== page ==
By Juan Barquin
By Amy Nicholson
By Alan Scherstuhl
By Travis Cohen
By Juan Barquin
By Stephanie Zacharek
By Amy Nicholson
By Juan Barquin
The South Beach Film Festival presents a juried showcase for small independent films (made-in-the-U.S.A. offerings predominate) that would not otherwise see the light of a projector in South Florida. Last year's inaugural SoBe Fest included two outstanding features -- Spare Me and The Making of "...And God Spoke" -- and a passel of intriguing shorts. (Spare Me's Matthew Harrison went on to cop a director's award at Sundance this year for his most recent feature, Rhythm Thief, and has contracted to direct his first multimillion-dollar feature.)
This year's selections run the gamut, from Transrexia, a two-minute animated short in which an imprisoned tyrannosaur contemplates the nature of love and loss, to Tie-Died, an 80-minute documentary that takes the viewer to Las Vegas to commune with Deadheads following Jerry Garcia and company during the band's 1994 summer tour. The latter film celebrates the spirit of community that has characterized this unique subculture for three decades. As you might expect, Tie-Died sympathizes with the Jerry-is-the-Messiah crowd, but by letting dozens of members of the eclectic tribe speak for themselves (only occasionally through a drug-induced stupor), the film offers a surprisingly balanced portrait of the nomadic city of the Dead.
Personally, I can take or leave Grateful Dead music. While I wouldn't go so far as to suggest that many of those who keep on truckin' with the band share my indifference to the group's music, it surprised me to see how many of the Deadheads just trek from parking lot to parking lot without actually scoring tickets and getting into the shows. I was moved by the sense of extended family cited by so many of the younger members of the gathering as their prime reason for being there, and touched by the commitment of older fans who view their participation as a sort of noble alternative to the nine-to-five grind. You don't have to be an idealistic flower child or an aging hippy to find a place on Shakedown Street, but it helps.
While most of Tie-Died is a pleasant enough trip, the film ends with a cautionary segment on draconian mandatory-minimums for drug offenses that is truly alarming. Listen up good, kids: Buy (or sell) your acid before you go to the show, or risk obscenely harsh penalties for possession of incredibly puny quantities.
Like I said, I'm no Deadhead. But my friend Andy is, and he assures me that Tie-Died presents an accurate portrayal of what it's like to be at a Dead show, minus the actual music. I can't think of another concert film that would dare to ignore footage of the actual concert completely, but Tie-Died manages to hold the viewer's interest for most of its 80-minute length without once cutting to a shot of Messrs. Weir, Garcia, and company in action. (A final tip: Don't bother calling the guy who lost his dog and recites his telephone number at the end of the film. After screening Tie-Died, Andy and I tried to phone him to express our sympathies and see if there was anything we could do to help. The number's been disconnected.)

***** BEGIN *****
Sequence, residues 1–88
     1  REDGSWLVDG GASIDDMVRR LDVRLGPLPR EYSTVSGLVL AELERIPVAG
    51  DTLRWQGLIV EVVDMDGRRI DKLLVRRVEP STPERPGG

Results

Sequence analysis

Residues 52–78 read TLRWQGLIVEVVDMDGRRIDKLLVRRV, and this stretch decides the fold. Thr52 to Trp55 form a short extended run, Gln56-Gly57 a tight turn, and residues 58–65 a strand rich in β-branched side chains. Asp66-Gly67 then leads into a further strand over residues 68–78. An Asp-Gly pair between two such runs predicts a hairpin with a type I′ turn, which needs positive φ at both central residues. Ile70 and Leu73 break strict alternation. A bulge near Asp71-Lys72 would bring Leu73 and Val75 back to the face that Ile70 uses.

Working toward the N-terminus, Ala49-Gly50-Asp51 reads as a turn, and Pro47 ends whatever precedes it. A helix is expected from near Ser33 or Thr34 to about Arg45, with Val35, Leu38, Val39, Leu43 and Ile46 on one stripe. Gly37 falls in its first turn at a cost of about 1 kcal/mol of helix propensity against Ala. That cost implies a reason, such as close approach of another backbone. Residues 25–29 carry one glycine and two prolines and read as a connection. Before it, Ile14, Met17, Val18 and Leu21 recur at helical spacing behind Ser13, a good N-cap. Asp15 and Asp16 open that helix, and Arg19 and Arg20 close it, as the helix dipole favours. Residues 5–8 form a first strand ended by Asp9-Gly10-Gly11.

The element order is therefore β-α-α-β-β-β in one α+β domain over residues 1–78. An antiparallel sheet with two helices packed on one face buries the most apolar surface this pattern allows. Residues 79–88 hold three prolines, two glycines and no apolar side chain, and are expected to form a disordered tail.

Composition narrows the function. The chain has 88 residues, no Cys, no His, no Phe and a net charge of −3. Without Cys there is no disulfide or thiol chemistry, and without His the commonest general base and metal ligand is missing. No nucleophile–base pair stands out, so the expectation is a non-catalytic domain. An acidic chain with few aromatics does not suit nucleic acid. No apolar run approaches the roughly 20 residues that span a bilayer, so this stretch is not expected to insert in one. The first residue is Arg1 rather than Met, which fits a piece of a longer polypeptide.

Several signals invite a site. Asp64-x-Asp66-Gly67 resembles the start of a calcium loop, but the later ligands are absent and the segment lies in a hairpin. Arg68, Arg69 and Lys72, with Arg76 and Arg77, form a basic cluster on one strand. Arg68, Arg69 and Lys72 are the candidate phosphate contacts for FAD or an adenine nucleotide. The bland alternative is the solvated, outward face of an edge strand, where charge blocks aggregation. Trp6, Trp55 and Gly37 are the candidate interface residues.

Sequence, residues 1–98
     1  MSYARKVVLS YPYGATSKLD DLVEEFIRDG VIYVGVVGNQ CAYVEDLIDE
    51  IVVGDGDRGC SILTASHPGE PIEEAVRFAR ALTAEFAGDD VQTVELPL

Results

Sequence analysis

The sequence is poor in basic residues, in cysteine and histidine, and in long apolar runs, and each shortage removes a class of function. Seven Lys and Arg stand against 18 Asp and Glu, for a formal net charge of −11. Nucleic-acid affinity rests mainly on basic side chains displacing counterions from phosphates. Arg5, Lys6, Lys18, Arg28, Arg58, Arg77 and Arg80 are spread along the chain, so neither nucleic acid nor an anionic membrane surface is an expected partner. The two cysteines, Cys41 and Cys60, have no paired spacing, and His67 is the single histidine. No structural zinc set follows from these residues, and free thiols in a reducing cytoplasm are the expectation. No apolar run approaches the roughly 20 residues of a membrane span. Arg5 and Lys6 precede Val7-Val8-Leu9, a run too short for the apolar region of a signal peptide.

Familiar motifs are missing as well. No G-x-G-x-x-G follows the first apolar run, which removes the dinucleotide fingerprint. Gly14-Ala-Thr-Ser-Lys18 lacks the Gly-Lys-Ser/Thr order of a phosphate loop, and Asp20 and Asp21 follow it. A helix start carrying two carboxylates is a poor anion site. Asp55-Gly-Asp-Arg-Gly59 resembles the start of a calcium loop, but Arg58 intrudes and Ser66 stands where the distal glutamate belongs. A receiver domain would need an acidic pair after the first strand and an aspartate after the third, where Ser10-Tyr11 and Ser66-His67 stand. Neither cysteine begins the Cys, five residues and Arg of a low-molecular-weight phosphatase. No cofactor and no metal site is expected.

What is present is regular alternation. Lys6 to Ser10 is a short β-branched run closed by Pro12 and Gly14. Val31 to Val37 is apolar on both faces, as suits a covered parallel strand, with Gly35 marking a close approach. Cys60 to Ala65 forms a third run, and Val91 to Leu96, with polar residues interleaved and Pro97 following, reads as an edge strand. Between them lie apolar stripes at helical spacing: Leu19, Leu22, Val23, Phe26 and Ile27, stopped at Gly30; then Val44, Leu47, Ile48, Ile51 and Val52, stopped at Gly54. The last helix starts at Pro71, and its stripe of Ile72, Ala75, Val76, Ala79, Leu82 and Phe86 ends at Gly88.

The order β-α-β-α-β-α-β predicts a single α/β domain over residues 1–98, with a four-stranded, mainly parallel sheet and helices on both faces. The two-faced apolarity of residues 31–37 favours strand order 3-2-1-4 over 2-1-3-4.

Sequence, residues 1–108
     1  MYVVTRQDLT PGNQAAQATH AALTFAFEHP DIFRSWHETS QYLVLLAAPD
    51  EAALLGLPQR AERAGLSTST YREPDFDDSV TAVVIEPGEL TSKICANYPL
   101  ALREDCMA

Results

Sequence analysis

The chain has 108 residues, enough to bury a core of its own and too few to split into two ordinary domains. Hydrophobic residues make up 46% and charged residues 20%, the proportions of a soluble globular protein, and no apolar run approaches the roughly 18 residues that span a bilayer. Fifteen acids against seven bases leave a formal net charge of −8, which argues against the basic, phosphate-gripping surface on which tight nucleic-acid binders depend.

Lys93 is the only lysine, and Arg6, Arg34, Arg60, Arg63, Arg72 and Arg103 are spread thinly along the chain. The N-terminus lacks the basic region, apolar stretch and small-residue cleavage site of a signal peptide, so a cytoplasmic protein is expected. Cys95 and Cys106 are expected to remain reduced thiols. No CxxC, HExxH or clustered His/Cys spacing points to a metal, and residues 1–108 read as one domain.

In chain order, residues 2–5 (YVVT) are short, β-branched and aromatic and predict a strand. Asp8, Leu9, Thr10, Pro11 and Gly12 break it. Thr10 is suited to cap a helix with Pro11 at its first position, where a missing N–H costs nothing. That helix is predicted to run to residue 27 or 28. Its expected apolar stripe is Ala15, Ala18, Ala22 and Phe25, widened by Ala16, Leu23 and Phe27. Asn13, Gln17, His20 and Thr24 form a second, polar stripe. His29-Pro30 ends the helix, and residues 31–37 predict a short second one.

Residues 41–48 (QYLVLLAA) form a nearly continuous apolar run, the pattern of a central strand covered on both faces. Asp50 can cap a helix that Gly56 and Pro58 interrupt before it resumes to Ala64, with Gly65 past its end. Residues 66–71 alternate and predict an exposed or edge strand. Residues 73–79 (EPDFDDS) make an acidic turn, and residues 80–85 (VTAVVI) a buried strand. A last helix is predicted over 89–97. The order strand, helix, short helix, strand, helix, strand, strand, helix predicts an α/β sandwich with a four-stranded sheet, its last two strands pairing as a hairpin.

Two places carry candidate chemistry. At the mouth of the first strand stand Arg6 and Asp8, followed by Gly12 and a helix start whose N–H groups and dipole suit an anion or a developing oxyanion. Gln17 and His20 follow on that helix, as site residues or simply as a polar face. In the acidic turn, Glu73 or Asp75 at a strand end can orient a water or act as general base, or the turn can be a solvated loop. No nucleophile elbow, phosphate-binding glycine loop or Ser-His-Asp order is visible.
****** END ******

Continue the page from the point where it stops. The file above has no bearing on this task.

The protagonist of Irving, a hilarious 25-minute narrative by Jason Bloom that won first place for short fiction film, is a different kind of deadhead: a vampire, to be precise. But if you thought the Brad Pitt character in Interview With the Vampire was a reluctant, guilt-ridden bloodsucker, wait until you meet meek, mild-mannered Irving, a pudgy, balding, 40-ish schlub of an office worker who becomes a night-flyer after defying his overprotective Jewish mother's wishes and stepping out on a blind date with a ravishing shiksa named Christina. ("Little Christ?!" Irving's mother rails upon hearing the girl's name.) Christina's interest in Irving turns out to be more a matter of the veins than of the heart, and before he knows what bit him our sad-sack schlemiel has been initiated into the world of the undead, pursued by both cops and a wooden-stake-wielding vampire killer. But Irving has a card up his sleeve that even Dracula never dreamed of. Hell hath no fury like a Jewish mother whose baby boy is in trouble.
Toll Booth, which closes the festival on Thursday, June 22, is a low-budget feature film shot just down the road in the Florida Keys. The story reeks of South Florida (bugs and roadkill figure prominently) and has echoes of Carl Hiaasen's dark humor and bizarre characters. But the film looks as if it were shot on the cheap, and despite the presence of talented but little-known Fairuza Balk in one leading role and quality support from veteran players such as Louise Fletcher, Seymour Cassell, and Will Patton, Toll Booth never seems to find the correct change. I liked the ideas behind it far more than I enjoyed the on-screen execution of those ideas, although any film that lampoons the Miami Vice theme song as effectively as this one does can't be all bad.
While Tie-Died, Irving, and Toll Booth are but three films from among the festival's nearly four dozen offerings, bear in mind that I've had time to preview only a handful of the works that will screen over the course of the South Beach Film Festival's weeklong run. Among those I haven't had a chance to watch but that promise to be of special interest to South Beach audiences are Cuba va, a look at Cuban issues through the eyes of the island's youth, and The Straight Agenda, a tongue-in-cheek spoof of that notorious piece of right-wing propaganda, "The Gay Agenda.
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